Ayyā Medhānandī Bhikkhunī, is the founder and guiding teacher of Sati Sārāņīya Hermitage, a Canadian forest monastery for women in the Theravāda tradition. The daughter of Eastern European refugees who emigrated to Montreal after World War II, she began a spiritual quest in childhood that led her to India, Burma, England, New Zealand, Malaysia, Taiwan, and finally, back to Canada.
In 1988, at the Yangon Mahasi retreat centre in Burma, Ayyā requested ordination as a bhikkhunī from her teacher, the Venerable Sayādaw U Pandita Mahāthera. This was not yet possible for Theravāda Buddhist women. Instead, Sayādaw granted her ordination as a 10 precept nun on condition that she take her vows for life. Thus began her monastic training in the Burmese tradition. When the borders were closed to foreigners by a military coup, in 1990 Sayādaw blessed her to join the Ajahn Chah Thai Forest Saņgha at Amaravati, UK.
After ten years in their siladhāra community, Ayyā felt called to more seclusion and solitude in New Zealand and SE Asia. In 2007, having waited nearly 20 years, she received bhikkhunī ordination at Ling Quan Chan Monastery in Keelung, Taiwan and returned to her native Canada in 2008, on invitation from the Ottawa Buddhist Society and Toronto Theravāda Buddhist Community, to establish Sati Sārāņīya Hermitage.
Compassion is our worthy compass. Radiating compassionate empathy towards our own suffering and the suffering of the world, the mind is tranquil, protected from danger, and at peace. We have courage enough to evict fear and take our proper seat in the pure presence of the heart.
One who practices true compassion inwardly as well as to others is praised as a superior person, a spiritual warrior on the path of harmlessness. How do we emulate that? Guided by right intention, we abandon the hindrances of the mind and patiently whittle away our ingrained habit of ego construction. We learn to see wisely and to forgive conditions as we journey to transcendence.
Compassion is a strength, a generosity, a joy, a guardian of the mind, a rescue from fear and all forms of suffering, and a fountain of peace. It brings untold benefit both for one who gives it and for one who receives it. Compassion enhances the sublime abidings and the factors of awakening, thus serving, in and of itself, as a dynamic vehicle for the heart’s liberation.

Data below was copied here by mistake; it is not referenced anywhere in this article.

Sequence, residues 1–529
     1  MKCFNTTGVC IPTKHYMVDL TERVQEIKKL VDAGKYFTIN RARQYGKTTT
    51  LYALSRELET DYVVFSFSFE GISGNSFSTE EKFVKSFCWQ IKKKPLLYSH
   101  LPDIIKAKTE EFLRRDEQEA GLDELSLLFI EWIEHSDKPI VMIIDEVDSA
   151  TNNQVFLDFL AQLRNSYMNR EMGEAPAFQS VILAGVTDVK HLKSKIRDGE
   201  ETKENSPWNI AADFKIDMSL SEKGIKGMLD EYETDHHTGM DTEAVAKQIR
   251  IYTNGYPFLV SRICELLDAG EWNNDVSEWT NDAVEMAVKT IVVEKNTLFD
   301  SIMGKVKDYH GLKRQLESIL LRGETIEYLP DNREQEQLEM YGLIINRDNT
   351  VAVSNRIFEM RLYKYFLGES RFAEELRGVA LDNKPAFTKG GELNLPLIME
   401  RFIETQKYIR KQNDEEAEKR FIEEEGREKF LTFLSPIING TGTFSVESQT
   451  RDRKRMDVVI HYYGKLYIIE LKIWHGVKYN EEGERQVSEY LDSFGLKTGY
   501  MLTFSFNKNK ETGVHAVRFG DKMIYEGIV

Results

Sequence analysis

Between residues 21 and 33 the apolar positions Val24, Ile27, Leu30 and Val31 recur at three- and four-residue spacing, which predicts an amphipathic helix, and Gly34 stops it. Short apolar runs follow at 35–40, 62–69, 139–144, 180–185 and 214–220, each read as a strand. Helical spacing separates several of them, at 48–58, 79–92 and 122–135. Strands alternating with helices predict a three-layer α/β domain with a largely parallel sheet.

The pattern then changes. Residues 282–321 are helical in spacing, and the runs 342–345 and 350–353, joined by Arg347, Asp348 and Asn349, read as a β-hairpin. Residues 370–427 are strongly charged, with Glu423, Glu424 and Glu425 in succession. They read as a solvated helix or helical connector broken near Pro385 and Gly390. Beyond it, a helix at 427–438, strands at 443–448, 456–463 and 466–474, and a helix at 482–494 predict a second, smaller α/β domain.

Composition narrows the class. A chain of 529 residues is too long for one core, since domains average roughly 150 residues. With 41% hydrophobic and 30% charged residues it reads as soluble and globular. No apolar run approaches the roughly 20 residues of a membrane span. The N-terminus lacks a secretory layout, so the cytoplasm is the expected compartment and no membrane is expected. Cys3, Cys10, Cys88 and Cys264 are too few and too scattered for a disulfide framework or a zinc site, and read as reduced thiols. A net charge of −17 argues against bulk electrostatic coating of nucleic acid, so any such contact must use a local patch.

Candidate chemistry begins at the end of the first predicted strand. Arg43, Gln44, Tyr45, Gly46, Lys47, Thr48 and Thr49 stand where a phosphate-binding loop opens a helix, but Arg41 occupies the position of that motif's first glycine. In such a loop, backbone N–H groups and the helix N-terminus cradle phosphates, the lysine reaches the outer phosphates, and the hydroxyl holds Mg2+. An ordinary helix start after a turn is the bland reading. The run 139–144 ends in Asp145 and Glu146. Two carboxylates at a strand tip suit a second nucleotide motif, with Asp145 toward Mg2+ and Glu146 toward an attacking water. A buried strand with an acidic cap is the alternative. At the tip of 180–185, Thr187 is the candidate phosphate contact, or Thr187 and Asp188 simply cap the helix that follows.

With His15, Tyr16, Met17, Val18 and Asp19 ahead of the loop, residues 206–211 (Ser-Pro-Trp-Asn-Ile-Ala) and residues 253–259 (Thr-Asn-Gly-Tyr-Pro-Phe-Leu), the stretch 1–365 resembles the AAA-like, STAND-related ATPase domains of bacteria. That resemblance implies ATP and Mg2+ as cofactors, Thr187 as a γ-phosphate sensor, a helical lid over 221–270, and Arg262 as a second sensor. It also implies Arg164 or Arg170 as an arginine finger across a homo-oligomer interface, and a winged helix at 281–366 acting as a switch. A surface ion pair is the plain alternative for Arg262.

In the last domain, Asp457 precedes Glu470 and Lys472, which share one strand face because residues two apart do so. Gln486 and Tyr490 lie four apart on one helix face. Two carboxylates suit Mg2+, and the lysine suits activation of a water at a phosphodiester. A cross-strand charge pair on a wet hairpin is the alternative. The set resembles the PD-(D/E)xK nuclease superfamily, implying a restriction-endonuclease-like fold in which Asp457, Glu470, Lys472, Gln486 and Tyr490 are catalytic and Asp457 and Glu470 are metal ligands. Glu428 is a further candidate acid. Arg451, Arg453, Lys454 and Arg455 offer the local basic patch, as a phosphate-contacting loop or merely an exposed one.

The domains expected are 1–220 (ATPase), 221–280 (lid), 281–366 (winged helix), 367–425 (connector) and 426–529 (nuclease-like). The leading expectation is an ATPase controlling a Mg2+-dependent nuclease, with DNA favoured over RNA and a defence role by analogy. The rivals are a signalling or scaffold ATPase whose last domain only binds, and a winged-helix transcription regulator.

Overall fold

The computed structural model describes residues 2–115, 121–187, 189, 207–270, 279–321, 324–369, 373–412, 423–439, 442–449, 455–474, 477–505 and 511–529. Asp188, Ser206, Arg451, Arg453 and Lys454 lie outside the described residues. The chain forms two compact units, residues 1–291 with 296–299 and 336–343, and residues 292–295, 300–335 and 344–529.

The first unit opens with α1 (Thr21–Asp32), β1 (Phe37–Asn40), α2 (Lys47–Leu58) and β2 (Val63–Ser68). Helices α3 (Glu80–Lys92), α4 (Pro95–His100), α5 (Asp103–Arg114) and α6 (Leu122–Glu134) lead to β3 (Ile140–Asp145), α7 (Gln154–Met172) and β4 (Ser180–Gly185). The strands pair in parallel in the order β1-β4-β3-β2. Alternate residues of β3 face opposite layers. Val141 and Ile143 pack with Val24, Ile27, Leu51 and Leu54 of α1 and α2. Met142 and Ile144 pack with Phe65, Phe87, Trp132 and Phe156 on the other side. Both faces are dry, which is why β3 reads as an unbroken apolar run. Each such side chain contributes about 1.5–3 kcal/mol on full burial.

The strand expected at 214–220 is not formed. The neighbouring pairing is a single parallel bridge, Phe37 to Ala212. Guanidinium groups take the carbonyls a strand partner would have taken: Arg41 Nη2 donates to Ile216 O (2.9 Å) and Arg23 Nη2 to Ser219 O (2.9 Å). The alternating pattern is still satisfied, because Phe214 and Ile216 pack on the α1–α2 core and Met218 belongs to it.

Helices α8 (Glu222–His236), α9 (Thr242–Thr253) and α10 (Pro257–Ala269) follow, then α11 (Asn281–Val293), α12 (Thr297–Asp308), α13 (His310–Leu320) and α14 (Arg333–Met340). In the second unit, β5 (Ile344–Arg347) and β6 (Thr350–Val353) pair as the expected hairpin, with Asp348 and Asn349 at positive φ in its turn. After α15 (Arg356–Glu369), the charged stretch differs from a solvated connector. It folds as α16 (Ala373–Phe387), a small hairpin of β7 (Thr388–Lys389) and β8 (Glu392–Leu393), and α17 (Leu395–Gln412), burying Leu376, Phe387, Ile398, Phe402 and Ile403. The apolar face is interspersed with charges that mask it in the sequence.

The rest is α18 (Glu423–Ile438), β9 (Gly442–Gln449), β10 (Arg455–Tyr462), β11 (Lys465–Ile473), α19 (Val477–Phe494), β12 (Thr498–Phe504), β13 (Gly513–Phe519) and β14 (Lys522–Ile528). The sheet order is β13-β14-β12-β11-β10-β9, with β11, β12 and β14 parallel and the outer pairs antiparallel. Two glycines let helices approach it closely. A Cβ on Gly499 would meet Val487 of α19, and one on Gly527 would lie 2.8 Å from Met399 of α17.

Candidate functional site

The Dhamma summons us to let virtue be purified so that we can hasten to higher ground. What will give us peace in our suffering moments? What will calm the mind in all of life’s struggles? No one is immune. But having known a glimpse of pure presence, the heart follows that true way home, to the ending of pain, to the unexcelled bliss of its freedom.
Are we able to dedicate our goodness and our practice for the welfare of others? COVID teaches us that if we are not healthy, others are affected, and if the world is not well, then we will also suffer – because we are all connected. We are wise to seek the inexhaustible well-spring of peace in our hearts – to be uplifted and to freely share that. Far beyond physical health, we can find that peace within our reach if we care for the mind. That will be our spiritual recovery
Develop health of the mind. Many who face dire illness and many at the cusp of death overcome their fear or face death fearlessly. How is that possible? Caring for the mind can bring it to peace whereas the health of the body will never free the heart from the pain of losing what is most precious to us.
Dhamma is like mother, father, guardian, the Truth that we can rest in. So rest in the purity of one moment. Offering to listen, what is the message we receive? In the silence of the mind, what do we hear? If there is no silence we listen more intently and dive more deeply. Where there is no past, no future, nothing to run away from, nothing to run towards, we stop to truly listen. And we see. This is pure presence - the gift of our attention. With the compass of the mind, open to the Dhamma. No where do we find any solid essence to call a self, a me, a mine. This is the most sacred knowing.
To celebrate the Buddha’s life is to be his disciple in enlightenment. Every day becomes a day of Vesak when we emulate the Buddha’s virtues and follow his gradual training in Dhamma-Vinaya and spiritual warriorship. We vow to purify the mind, realize the vision of Dhamma, and practice perfect compassion for all living beings. At last we find the teacher present within us.
This path takes us to our true home through cultivating sanctity, and understanding the value of death: the death of greed, hatred and delusion. When we see all things as impermanent, death gives definition to our life. It delimits our experience. That’s how we learn how to love – because if things were permanent, we wouldn’t know the meaning of love. We would not know how to love. And that would be a terrible loss – not to know, not to learn, how to love.
When we’re out of balance, it's due to the worldly winds. Even if you call them Dhamma winds, they end up being worldly - as soon as we grasp them, we’re back in samsara and we’re circling. The ending of circling always begins within us. It doesn’t end out there. Even if the balance of Dhamma out there is perfect, that moment of perfection is impermanent. Once we truly see what we could not see before, balance is restored.